Julia Chapman says she feels guilty every day that her son was born addicted to opioids. She said her mental illness contributed to her drug use, and she hopes to help her son learn from her experiences.
Brett Sholtis is WITF’s Transforming Health reporter, covering health policy and community health issues that affect Pennsylvanians. Brett strives to share personal stories that have a tie to broad issues and emerging trends. He seeks to give voice to diverse viewpoints, including those of people living with mental illness, disability and those living in poverty. He plays a key role in WITF’s mental health series, Through the Cracks, which reports on problem areas in mental health services and efforts to reduce stigma around those living with behavioral disorders. Previously, Brett was a business reporter at the York Daily Record, where his work included award-winning examinations of the nuclear power industry and food safety. He is a University of Pittsburgh graduate and a Pennsylvania Army National Guard veteran.
(Harrisburg) — The federal Health and Human Services Department is renewing a $55.9 million grant to Pennsylvania to address opioid addiction.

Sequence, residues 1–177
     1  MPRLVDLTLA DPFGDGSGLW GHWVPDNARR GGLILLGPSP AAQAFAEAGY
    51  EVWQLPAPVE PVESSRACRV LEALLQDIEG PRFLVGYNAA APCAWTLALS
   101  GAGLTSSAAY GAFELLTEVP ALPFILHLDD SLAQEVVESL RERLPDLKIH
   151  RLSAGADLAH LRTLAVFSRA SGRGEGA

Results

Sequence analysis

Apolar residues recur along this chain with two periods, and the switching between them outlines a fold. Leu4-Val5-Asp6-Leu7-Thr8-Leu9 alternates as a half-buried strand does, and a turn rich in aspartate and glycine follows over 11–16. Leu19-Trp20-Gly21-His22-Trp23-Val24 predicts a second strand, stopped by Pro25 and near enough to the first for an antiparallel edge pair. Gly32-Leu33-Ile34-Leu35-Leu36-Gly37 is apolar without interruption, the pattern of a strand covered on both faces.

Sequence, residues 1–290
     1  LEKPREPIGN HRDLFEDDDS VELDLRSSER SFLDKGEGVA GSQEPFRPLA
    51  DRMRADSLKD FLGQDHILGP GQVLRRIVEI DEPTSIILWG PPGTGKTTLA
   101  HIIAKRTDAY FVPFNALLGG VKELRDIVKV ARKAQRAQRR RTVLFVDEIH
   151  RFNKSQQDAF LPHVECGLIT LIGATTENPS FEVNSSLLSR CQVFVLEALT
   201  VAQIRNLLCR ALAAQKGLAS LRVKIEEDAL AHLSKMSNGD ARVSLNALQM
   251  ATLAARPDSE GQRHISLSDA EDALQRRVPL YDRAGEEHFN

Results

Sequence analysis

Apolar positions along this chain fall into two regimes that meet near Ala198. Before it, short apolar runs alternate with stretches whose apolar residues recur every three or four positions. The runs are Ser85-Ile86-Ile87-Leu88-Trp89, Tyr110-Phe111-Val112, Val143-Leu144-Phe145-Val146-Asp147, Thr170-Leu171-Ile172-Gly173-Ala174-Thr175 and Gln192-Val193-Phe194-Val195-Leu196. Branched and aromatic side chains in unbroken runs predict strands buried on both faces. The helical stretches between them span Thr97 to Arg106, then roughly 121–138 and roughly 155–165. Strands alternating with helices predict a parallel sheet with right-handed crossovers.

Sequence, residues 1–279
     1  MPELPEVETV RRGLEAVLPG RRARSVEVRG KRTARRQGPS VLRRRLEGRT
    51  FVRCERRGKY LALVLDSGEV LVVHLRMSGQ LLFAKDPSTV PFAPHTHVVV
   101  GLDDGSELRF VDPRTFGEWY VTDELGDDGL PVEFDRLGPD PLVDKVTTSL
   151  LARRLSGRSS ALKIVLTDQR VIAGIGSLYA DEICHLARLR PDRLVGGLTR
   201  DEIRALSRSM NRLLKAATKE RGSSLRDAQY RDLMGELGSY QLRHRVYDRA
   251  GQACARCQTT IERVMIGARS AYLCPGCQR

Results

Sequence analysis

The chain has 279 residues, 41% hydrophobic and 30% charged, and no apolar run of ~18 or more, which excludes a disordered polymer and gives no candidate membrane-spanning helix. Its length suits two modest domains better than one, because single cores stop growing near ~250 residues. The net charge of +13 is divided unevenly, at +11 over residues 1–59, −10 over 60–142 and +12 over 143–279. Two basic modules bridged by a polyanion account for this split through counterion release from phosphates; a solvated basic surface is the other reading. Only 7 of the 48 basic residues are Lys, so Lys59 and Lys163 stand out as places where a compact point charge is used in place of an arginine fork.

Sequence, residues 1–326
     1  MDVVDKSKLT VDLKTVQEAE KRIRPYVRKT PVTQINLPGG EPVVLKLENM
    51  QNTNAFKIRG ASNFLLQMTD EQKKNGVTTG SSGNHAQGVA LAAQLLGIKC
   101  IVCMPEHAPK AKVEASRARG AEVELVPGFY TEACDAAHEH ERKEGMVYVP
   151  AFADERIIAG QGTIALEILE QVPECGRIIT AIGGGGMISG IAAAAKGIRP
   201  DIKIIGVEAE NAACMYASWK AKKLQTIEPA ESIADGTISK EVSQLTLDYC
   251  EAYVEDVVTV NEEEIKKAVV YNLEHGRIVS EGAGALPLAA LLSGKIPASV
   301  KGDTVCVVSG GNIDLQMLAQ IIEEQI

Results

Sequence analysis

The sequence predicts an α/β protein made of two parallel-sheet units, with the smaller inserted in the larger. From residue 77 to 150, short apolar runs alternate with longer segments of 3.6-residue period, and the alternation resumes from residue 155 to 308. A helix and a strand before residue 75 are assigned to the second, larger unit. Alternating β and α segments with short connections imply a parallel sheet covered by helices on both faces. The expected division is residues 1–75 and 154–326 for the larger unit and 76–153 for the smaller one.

It’s the second year the commonwealth received the grant.
Those funds have had a drastic effect on reducing overdose deaths and helping people with opioid use disorder to lead normal lives, said Department of Drug and Alcohol Programs Secretary Jen Smith.
Funds have been used for a wide range of services, such as providing medication-assisted treatment, hiring care workers and helping people with things like housing, transportation and employment — factors that have been proven to help prevent people from relapsing, Smith said.
“Making a dent in the opioid crisis requires doing something above and beyond what we’ve been doing in the drug and alcohol field.”
Counties have some control over how money is spent, Smith said. That ensures the money goes where it is needed.
For example, in Blair County, which received $1.3 million in 2019, program administrator Judy Rosser said the money has gone to hiring certified recovery specialists who work in emergency rooms, making sure people who show up because of an addiction end up getting in treatment.
“And in the last two years we’ve been in the 40s with overdoses, and last year we had 25,” Rosser noted.
Other efforts include providing hiring case managers and providing people with medication assisted treatment and the opioid reversal drug naloxone, Rosser said.